Counter Culture: Table Talk

It’s been a long day at the game convention. You’ve been slinging dice (into an approved randomizing container, of course—no free rolling!) since the hotel opened the breakfast buffet and you grabbed a cup of weak, luke-warm coffee for sustenance. Fatigue sets in. You’ve barely even touched the fast food lunch begrudgingly procured hours earlier, because the front must be stabilized, the salient flattened, the hole in the line plugged. The game must go on!

But you’re beat. No, not on the table—because of it.

No examination of the physical culture of board wargaming could be complete without touching upon, well, that upon which said board rests: the table. Having the proper platform for your game makes a huge difference in the experience of that game. All other ergonomic considerations flow from the table being used.

Tables before the storm

Conventions in particular are notorious for poor tables, from a gaming perspective. The traditional conference center table runs narrow and long, and even pushing two together barely provides enough space while compounding problems by putting a seam in the middle. The better joints at least drape the double-tables with tablecloths to attempt to even out the surface. Throw in the straight-backed chairs typically provided and convention gaming, for all of its joys, can prove an exercise in endurance.

When the opportunity recently arose for me to get a new gaming table, then, I had to stop and ponder: what makes a good board wargaming table?

It all comes down to dimensions, enforced by the “standard” wargame map that runs 22″ x 34″ and has for decades, itself a multiple of the standard US Letter size and known in the trade as ANSI D.

A standard two map game with the maps arranged side-by-side would need 44″ in length and 34″ in width; or 68″ in length and 22″ in width running lengthwise. Throw in at least a few inches on either side and you need a table that’s, say 72″ x 36″, or 6 feet by 3 feet. Because it’s not just maps—you’ve got charts, counters in Planos, a dice tower, tweezers, rulebooks, a handy-dandy-counter-corner-rounder, plus a bit of personal space in front of you.

Sadly, though, tables don’t tend to come in similarly standardized sizes. Plenty of long enough but too narrow options—convention specials—can be found, and there are pricey options that run a fair bit wider with appropriate length. But reaching the middle of the map can be a problem if the table goes too wide. It’s the Goldilocks problem.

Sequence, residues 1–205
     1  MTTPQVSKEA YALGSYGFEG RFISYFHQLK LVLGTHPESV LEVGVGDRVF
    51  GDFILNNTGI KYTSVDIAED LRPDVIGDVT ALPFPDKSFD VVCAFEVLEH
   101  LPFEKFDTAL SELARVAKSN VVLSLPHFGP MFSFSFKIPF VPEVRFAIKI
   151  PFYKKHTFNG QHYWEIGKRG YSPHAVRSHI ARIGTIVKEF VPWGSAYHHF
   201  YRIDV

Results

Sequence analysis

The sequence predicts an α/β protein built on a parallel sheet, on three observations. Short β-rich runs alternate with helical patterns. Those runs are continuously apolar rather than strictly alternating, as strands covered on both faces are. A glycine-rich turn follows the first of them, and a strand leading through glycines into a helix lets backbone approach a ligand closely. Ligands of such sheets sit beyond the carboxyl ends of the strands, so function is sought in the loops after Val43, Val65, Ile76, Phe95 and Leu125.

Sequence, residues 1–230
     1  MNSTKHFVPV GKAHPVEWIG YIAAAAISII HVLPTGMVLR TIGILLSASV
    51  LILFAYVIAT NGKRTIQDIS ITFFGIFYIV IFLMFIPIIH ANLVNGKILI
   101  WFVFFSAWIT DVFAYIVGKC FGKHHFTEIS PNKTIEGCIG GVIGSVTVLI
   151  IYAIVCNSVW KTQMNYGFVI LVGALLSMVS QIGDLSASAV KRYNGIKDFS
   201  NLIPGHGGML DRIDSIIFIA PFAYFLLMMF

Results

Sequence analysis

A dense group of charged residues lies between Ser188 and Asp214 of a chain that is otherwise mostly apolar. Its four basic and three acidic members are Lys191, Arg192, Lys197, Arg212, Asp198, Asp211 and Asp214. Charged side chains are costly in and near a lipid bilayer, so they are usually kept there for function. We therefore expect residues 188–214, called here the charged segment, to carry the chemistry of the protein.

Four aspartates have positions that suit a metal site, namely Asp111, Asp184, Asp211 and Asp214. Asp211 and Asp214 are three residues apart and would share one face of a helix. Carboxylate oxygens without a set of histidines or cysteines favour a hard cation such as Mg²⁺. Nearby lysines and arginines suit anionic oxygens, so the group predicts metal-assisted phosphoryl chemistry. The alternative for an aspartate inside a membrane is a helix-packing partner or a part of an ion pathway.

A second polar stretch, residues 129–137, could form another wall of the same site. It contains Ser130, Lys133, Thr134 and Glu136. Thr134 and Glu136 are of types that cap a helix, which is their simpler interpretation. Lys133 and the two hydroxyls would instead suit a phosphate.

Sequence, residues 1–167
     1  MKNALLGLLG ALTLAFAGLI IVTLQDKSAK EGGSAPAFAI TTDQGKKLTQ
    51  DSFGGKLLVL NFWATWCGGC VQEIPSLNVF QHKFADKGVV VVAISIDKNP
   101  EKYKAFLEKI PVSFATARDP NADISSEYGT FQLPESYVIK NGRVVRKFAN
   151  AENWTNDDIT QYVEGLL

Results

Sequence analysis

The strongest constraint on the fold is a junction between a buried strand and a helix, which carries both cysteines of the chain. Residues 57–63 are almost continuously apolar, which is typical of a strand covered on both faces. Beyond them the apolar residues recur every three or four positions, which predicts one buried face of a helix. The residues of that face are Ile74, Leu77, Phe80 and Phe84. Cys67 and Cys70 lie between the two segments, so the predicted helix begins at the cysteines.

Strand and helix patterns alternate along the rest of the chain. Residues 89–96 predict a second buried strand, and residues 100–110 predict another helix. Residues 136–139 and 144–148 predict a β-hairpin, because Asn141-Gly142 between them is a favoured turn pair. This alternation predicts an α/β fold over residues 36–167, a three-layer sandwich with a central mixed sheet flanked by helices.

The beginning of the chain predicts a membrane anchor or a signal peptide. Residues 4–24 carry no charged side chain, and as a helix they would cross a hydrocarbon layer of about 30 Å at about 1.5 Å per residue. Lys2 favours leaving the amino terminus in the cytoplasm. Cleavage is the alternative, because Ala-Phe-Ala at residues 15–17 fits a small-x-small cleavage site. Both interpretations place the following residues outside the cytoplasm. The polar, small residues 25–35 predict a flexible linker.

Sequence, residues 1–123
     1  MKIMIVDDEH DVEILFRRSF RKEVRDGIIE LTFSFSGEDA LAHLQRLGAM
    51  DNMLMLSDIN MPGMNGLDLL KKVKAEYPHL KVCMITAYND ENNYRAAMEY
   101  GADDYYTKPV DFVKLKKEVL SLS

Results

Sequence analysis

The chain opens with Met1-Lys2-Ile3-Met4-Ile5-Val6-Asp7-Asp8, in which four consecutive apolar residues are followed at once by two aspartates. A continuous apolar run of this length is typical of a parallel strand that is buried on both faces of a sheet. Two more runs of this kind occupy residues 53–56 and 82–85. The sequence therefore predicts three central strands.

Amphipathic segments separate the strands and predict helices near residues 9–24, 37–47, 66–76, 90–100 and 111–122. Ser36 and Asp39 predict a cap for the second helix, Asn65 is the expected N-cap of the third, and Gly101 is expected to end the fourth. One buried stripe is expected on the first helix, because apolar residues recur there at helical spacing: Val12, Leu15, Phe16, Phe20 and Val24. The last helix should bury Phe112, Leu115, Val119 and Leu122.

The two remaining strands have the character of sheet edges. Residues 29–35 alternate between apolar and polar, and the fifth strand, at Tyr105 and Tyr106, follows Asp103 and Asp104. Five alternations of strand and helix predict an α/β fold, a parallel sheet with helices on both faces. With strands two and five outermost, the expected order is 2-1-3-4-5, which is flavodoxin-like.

Escaped from the basement

Aesthetic considerations of course should apply. I’ve seen some hand-built tables that work wonderfully from a space perspective but have all the charm of an exploded sawmill, not to mention oddly sited under-table rods and bars and box stretchers and usually a skirt that will jam someone’s knee by the end of a gaming session. For a dedicated gaming basement (and those with them are deserving of our envy and praise), a rough-hewn table will work, but I prefer a bit more savoir faire (or at least fewer splinters).

Table height also plays a role, though a more personalized one. Being on the taller side, I wanted a desk high enough not to have to hunch over, which offers the additional benefit of being usable from a standing position. That different perspective helps sometimes in seeing the whole picture, plus it’s always good to stand.

Perfect for me

In the end, I didn’t quite find my dream table, at least not at a price not approaching a late-model used car. But I got close, finally choosing the IKEA Bjursta dining room table. The width is just a bit too narrow, coming in at a hair over 33 inches, but the length is extendable out to 86 inches, ample room for all the charts and rules I could ever need—and I say that as a devotee of Advanced Squad Leader.

I figure I can hold up the end of the map that runs over the back of the table with file folders tucked underneath, and it’s rare that designers use the very edges of the map anyway. A compromise, for sure, but given the adjustable length and the price, one I can live with, particularly since I plan on using the table mostly for solitaire gaming and don’t need to worry about someone sitting on the other side of the jury-rigged map that often.

The skirt comes down a tad far on the Bjursta, so I picked up some furniture risers to add about four inches, giving me plenty of leg room while sitting and putting the surface at a nice height for use while standing. In all, a pleasantly attractive workhorse of a table.

It is an IKEA table, so I expect it will show a bit of wear before too long, but I anticipate keeping it covered with wargame maps and plexiglass for the foreseeable future, hiding any blemishes caused by overeager dice rolling. Still, it’s the little things—or, in this case, the six-and-a-half foot long things—that make all the difference, and I think this new table will add more than a bit of enjoyment to an already enjoyable hobby.